Several of the stories and facts I learned while researching Walking Portland
made me wonder if there have been any great historical novels set here. I can't think of any, but if there isn't one about Dr. James C. Hawthorne, namesake of Hawthorne Boulevard, that would be a good place to start. Born in Pennsylvania, Hawthorne (1819–1881) spent several years working in medicine in California, where he also served in the state senate. He arrived in Portland in 1857 to run a hospital for the mentally ill; in 1862 he took over running the Oregon Hospital for the Insane, as it was called at the time (it occupied 200 acres near lower Southeast Hawthorne Boulevard). Hawthorne was married twice: his first wife died a few weeks after they were married — automatically good material for a historical romance — and then in 1865 he married another woman, and they had three daughters, one of whom died in infancy. As for the details in between — who knows? But I for one am curious.
Hawthorne is buried in Lone Fir Cemetery; according to the cemetery's website, some 132 of his patients are also buried there, though their graves are unmarked and the exact locations uncertain. Metro, the regional government in charge of Lone Fir maintenance and operation, is planning a memorial garden to commemorate the patients as well as the Chinese workers who were buried there. (For more about the plan, visit Metro's website.)
Travel and reading go so well together — people just have more time to read while traveling, and the freedom to read whatever they like. With that in mind, I thought I'd share a few books I tend to foist upon people whenever I have the chance. For the most part they have nothing to do with travel, or walking, but even so:
Laird Hunt: I was just telling someone about Hunt yesterday, in fact. He's a Boulder, Colorado–based writer whose dreamy, semi-experimental novels aren't quite like anything else I've read. I recommend starting with Indiana, Indiana, but all of his books, including his new novel, Kind One, are strange and wonderful.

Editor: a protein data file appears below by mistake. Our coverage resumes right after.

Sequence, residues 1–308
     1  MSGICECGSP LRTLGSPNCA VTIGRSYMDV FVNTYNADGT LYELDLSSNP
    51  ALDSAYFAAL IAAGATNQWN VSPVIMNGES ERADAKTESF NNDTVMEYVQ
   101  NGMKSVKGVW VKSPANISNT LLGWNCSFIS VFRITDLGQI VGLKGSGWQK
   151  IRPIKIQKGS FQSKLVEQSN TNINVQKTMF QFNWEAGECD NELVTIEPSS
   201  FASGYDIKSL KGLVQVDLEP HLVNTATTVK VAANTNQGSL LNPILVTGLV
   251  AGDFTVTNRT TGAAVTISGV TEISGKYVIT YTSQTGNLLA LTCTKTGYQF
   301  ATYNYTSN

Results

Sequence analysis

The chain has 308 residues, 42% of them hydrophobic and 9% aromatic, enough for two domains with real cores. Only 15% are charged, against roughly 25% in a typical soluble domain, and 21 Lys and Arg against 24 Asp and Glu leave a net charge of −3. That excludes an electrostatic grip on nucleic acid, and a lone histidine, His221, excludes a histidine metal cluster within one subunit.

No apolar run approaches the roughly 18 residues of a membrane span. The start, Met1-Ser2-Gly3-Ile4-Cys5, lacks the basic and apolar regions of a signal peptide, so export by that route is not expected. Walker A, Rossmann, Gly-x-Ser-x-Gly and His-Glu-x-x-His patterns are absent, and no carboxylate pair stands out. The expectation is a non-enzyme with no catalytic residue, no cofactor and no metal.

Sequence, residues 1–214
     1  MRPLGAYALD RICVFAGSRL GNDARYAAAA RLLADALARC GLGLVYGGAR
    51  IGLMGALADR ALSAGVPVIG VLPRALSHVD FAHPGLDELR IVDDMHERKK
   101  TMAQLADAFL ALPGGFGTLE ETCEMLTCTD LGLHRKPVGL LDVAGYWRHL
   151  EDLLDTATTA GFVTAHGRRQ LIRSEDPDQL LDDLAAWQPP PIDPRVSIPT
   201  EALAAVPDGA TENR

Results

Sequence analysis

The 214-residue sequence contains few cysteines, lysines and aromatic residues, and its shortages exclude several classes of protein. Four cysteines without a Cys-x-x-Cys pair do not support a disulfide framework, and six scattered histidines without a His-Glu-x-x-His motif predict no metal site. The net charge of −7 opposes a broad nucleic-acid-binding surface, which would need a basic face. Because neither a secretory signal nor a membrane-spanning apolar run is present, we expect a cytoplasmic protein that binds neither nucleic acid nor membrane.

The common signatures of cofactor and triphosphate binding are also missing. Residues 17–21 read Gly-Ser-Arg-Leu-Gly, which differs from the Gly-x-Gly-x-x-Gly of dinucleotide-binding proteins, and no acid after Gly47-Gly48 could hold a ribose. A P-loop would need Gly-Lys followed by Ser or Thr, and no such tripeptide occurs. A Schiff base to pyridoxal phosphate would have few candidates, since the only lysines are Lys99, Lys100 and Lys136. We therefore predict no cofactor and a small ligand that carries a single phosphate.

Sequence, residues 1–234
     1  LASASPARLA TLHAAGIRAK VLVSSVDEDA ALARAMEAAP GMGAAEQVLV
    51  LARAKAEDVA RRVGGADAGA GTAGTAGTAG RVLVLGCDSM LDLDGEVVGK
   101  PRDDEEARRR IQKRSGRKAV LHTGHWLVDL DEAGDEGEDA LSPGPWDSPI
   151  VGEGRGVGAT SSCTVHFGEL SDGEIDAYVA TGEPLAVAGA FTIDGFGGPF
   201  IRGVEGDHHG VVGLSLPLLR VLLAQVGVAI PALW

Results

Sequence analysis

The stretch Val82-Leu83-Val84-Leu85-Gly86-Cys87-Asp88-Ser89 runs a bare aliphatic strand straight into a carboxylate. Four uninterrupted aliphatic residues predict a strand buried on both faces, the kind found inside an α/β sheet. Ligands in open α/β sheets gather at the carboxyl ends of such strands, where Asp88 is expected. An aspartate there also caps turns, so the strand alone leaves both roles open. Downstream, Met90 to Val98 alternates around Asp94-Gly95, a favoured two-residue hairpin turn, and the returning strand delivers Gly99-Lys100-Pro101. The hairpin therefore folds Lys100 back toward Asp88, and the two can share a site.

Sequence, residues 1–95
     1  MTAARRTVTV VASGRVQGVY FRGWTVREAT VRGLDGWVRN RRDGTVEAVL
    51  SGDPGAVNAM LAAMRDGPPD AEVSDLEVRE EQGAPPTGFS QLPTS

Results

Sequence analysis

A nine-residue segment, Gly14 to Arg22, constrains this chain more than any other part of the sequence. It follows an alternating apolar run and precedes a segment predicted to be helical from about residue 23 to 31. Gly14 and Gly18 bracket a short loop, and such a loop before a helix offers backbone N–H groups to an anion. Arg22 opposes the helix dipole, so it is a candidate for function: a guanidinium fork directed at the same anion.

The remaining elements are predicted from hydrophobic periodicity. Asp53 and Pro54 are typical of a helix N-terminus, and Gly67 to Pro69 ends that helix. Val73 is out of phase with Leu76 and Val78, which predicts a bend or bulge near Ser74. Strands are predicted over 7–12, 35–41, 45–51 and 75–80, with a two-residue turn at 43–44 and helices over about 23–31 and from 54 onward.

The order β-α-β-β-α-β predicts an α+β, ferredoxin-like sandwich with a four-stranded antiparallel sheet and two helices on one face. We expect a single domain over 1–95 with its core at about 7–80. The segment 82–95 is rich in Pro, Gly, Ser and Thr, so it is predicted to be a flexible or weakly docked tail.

Steve Aylett: Aylett is a British writer who, again, doesn't sound like anyone else I've ever read. He produces some of the most compressed sentences ever made — there are zero wasted words. My favorites of his are The Crime Studio, one of his earliest books set in the maddening hardboiled city of Beerlight, and Fain the Sorcerer.
Kelly Link: Kelly is probably much better known than Hunt or Aylett, but I still think not enough people read her, mostly because I think everybody should read her. Fans of Aimee Bender will love her (although fans of Aimee Bender probably already know about her). Try Pretty Monsters. She's amazing.
Rory Stewart, The Places In Between: OK, this one actually is a walking book. I recommend it frequently. Stewart, a British writer and politician, walked across Afghanistan in 2002 and wrote about his journey here. It was a massive undertaking, and the book is a really great read.
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